Researchers in PA found that using money as an incentive for people to lose weight might just be the answer.
In an effort to identify incentives for encouraging people to lose weight, Pennsylvania researchers have found that money might be the perfect answer. Taking an unusual and innovative approach, scientists tried to determine whether “common decision errors identified by behavioral economists such as prospect theory, loss aversion, and regret could be used to design an effective weight loss intervention.”
In the study results published in the most recent issue of the Journal of the American Medical Association, researchers from the Philadelphia Veterans Affairs Medical Center, the University of Pennsylvania, the Wharton School , and Carnegie Mellon University wrote that “behavioral economics has identified several patterns of behavior that help explain why people engage in self-destructive behavior, including the tendency to put disproportionate emphasis on immediate gratifications, such as the pleasure of eating, relative to the much smaller emphasis put on delayed benefits, such as enjoying good health.”
To test this, scientists recruited 57 healthy volunteers between ages 30 and 70 with body mass indexes ranging from 30 to 40. Three weight loss plans were created to which participants were randomly assigned. The control group participated in monthly weigh-ins. The other two groups consisted of incentive-based approaches. “One was a lottery-based group in which the participants played a lottery and received the earnings if they achieved or lost more than the target weight and the other was a deposit contract condition in which the participants invested their own money, which they lost if they failed to achieve weight goals.” All participants were randomly assigned and had a goal of losing 16 pounds over the course of 16 weeks.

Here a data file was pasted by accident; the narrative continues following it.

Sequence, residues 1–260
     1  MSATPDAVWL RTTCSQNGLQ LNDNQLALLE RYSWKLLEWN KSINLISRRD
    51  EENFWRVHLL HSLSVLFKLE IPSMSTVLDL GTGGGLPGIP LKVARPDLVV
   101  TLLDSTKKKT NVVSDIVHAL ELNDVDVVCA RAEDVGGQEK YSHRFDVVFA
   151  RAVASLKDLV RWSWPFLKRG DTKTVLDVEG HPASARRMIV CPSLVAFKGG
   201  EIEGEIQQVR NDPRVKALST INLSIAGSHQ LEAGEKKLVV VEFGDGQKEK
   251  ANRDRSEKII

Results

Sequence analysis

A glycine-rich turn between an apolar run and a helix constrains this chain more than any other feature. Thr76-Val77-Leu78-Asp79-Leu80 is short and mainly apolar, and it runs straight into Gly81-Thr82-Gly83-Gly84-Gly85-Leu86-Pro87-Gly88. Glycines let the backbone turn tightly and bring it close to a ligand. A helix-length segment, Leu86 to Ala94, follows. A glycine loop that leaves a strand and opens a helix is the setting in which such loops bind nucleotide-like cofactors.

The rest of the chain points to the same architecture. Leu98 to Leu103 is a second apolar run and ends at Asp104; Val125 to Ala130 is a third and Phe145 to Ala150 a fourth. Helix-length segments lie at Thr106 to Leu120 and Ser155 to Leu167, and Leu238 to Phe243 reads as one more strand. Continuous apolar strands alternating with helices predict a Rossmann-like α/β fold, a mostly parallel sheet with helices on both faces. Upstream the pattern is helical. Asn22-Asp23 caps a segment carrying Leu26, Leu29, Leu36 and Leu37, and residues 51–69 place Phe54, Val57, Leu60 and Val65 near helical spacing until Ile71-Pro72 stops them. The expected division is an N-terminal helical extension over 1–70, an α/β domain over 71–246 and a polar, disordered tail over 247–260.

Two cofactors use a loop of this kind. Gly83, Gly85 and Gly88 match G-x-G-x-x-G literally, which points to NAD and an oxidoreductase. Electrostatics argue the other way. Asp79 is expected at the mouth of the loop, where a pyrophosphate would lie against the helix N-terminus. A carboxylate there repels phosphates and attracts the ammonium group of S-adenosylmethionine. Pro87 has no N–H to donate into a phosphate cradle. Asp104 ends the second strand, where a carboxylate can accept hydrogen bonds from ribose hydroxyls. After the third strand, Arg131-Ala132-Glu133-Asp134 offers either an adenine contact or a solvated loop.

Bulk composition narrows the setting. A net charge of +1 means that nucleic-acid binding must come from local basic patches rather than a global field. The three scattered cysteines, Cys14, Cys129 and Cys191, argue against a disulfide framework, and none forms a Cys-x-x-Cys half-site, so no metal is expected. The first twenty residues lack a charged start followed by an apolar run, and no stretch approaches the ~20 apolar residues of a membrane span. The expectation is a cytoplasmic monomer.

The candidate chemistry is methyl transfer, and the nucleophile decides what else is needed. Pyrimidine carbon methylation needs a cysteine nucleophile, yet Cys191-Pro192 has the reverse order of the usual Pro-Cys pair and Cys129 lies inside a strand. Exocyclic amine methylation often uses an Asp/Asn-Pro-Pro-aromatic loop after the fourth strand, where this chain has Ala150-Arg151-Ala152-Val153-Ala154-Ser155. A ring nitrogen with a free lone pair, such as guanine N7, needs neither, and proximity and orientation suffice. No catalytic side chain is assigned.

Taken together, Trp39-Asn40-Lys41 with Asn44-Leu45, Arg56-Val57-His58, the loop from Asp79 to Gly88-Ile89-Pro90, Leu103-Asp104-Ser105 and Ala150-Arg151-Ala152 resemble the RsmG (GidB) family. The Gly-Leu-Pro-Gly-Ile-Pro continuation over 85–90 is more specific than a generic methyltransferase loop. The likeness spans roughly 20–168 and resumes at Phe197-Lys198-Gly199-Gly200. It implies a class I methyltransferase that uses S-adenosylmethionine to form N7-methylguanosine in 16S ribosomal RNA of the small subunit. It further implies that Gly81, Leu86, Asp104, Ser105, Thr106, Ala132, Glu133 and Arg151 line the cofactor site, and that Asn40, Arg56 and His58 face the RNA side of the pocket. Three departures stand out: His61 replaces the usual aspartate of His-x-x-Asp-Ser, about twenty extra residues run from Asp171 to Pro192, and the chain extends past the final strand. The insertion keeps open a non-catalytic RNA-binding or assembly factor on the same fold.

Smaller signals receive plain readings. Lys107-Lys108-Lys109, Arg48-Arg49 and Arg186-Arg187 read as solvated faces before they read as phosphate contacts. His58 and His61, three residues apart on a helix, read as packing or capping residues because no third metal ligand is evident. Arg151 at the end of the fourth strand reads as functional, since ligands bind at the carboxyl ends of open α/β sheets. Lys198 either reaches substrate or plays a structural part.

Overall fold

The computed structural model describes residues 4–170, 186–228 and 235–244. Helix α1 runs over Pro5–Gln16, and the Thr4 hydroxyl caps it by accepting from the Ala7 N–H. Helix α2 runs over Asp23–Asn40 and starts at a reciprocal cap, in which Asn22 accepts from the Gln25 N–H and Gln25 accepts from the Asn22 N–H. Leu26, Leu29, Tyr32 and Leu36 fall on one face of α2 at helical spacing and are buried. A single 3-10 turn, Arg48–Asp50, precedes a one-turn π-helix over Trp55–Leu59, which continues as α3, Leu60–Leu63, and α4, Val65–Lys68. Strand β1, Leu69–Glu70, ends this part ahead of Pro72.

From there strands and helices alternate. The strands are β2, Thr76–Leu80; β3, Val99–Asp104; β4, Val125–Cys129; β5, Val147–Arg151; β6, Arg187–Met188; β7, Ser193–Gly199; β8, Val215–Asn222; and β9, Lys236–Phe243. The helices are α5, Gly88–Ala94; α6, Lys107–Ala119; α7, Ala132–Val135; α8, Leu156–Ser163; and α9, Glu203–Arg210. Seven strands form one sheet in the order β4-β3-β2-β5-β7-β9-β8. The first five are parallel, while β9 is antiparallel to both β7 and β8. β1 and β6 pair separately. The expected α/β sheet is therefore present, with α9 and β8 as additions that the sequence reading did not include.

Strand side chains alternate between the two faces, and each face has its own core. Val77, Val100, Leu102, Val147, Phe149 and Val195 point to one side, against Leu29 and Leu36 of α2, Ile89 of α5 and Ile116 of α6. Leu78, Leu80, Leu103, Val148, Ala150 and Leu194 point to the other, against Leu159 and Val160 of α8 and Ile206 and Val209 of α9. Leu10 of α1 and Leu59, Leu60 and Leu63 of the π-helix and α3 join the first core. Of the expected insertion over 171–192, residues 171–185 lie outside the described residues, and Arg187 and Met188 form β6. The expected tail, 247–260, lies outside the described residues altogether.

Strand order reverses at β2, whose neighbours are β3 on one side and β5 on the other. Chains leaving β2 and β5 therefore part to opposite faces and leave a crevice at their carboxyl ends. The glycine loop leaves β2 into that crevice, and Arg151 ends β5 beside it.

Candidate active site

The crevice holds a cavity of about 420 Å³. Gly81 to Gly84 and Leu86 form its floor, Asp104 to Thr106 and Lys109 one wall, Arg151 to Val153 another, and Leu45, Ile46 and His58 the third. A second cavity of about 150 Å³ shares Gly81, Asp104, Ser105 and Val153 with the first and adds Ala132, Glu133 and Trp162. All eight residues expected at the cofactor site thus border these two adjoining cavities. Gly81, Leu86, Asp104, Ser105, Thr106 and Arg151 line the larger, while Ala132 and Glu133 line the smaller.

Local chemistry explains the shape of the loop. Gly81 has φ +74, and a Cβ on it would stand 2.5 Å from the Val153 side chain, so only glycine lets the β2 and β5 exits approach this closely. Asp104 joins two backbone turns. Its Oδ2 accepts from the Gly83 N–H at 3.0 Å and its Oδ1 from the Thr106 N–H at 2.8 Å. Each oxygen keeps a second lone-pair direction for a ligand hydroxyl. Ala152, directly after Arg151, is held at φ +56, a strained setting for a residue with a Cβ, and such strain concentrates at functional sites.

By the end of the study, the incentive groups lost considerably more weight than the control group. The lottery group lost an average of 13.1 pounds, the deposit contract group an average of 14 pounds, and the control group an average of 3.9 pounds. About half the participants in both the incentive groups met the 16-pound weight-loss target, while only 10 percent of the control group met the target. Monetarily, the deposit contract group earned an average of $378.49 and the lottery group an average of $272,800.
It is important to note that the “study participants in both of the incentive groups gained weight between the end of the weight loss incentive intervention and the end of 7 months, but still weighed less at 7 months than they did at the start of the study.”
The authors concluded that “incentive approaches based on behavioral economic concepts appear to be highly effective in inducing initial weight loss. However, this weight loss was not fully sustained and further work is needed to test the effectiveness and cost-effectiveness of these approaches in achieving sustained weight loss.”